‘Rigor Mortis: How Sloppy Science Creates Worthless Cures, Crushes Hope, and Wastes Billions’

rigor-mortis-harrisRigor Mortis: How Sloppy Science Creates Worthless Cures, Crushes Hope, and Wastes Billions is NPR correspondent Richard Harris’ attempt to bring awareness to the very poor science that he sees as dominating the biomedical field today.

While the title suggests a macabre narrative thread, Rigor Mortis is actually a pun on the lack of rigor that is going into the science experiments Harris discusses. Harris provides historical, social, and environmental contexts and stressors for the issues that he brings up, while also providing an overlay of solutions. Harris recognizes the difficulties in implementing his solutions given the various factors mentioned above. However, he nonetheless feels that scientific rigor must improve for science to keep moving forward.

In Rigor Mortis, Harris targets what he sees to be the major roadblocks in doing good science. Among these are the lack of incentive to do science well, the sheer challenge in reproducing studies that have already been conducted, the fact that most studies are done on animals and not humans and studies don’t always account for that, the lack of authentication of cell lines before use, a lack of guidelines for conducting certain types of experiments, and pressures surrounding publishing and funding. And these aren’t even all of the issues that Harris brings to the table.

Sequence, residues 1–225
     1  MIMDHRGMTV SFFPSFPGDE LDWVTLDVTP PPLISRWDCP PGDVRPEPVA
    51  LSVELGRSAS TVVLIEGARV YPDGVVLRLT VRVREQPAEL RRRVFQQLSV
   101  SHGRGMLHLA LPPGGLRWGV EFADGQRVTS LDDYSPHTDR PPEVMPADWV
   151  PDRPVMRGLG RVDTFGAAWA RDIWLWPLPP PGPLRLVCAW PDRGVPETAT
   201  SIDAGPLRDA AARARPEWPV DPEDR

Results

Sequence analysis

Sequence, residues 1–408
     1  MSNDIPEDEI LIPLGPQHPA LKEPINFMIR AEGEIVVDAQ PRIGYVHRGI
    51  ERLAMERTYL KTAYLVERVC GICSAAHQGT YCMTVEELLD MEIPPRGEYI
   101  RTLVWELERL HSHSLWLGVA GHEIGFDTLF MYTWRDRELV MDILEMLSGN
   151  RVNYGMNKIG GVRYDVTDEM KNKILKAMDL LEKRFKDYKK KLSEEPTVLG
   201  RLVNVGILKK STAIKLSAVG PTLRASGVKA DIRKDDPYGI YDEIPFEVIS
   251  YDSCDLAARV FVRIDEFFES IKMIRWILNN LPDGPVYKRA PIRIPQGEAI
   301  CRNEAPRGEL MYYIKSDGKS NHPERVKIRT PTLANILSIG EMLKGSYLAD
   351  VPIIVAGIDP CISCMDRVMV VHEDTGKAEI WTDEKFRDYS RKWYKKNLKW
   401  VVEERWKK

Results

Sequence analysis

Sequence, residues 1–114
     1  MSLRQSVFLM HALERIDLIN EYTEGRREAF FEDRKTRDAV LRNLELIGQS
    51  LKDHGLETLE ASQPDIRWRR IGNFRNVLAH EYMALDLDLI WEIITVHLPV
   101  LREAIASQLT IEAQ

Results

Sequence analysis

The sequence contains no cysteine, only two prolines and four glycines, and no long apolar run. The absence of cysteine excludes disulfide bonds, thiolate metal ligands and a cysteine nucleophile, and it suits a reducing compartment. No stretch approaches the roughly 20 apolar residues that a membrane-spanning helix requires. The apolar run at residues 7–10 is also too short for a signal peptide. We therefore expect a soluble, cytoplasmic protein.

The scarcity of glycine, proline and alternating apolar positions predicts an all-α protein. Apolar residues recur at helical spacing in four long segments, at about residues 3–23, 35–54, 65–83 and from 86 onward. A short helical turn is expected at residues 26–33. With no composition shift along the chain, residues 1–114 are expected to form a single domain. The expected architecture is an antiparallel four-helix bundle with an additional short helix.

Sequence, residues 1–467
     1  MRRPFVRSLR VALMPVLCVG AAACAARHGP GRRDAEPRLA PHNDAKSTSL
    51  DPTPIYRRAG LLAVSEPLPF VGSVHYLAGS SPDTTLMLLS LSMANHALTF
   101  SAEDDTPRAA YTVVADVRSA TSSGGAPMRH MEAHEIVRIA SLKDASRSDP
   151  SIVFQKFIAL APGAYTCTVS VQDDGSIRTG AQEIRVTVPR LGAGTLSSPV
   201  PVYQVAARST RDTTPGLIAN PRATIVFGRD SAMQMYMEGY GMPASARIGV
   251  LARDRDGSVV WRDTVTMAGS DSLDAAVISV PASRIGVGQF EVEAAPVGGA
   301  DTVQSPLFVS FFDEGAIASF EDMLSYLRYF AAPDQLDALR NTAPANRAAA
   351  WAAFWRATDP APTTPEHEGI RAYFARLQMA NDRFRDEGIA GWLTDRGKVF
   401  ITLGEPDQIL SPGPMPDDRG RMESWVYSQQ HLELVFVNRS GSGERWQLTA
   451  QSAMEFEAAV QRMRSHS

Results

The reproducibility problem is something that surfaces again and again in Rigor Mortis. As Harris points out from the outset, “there’s little funding and no glory involved in checking someone else’s work.” Not to mention the fact that people who try to do so often have a hard time actually reproducing the experiments. This difficulty can arise because of a lack of information from the original experimenters or social stigma that reproducing someone else’s work is in fact questioning that work instead of checking it.

From creating incentives for reproducing studies to simply sharing data and working collaboratively, Harris provides a host of suggestions for scientists, universities, labs, and journals to encourage the rigor of science and help the field to actually move forward, instead of spin in circles as he feels it so often does.

Rigor Mortis: How Sloppy Science Creates Worthless Cures, Crushes Hope, and Wastes Billions by Richard Harris was published by Basic Books in April of 2017. You can purchase a copy at your local bookstore today.

Read more nonfiction book reviews at Centered on Books.

FTC Disclaimer: This book was given to me in return for a fair and honest review of the text.

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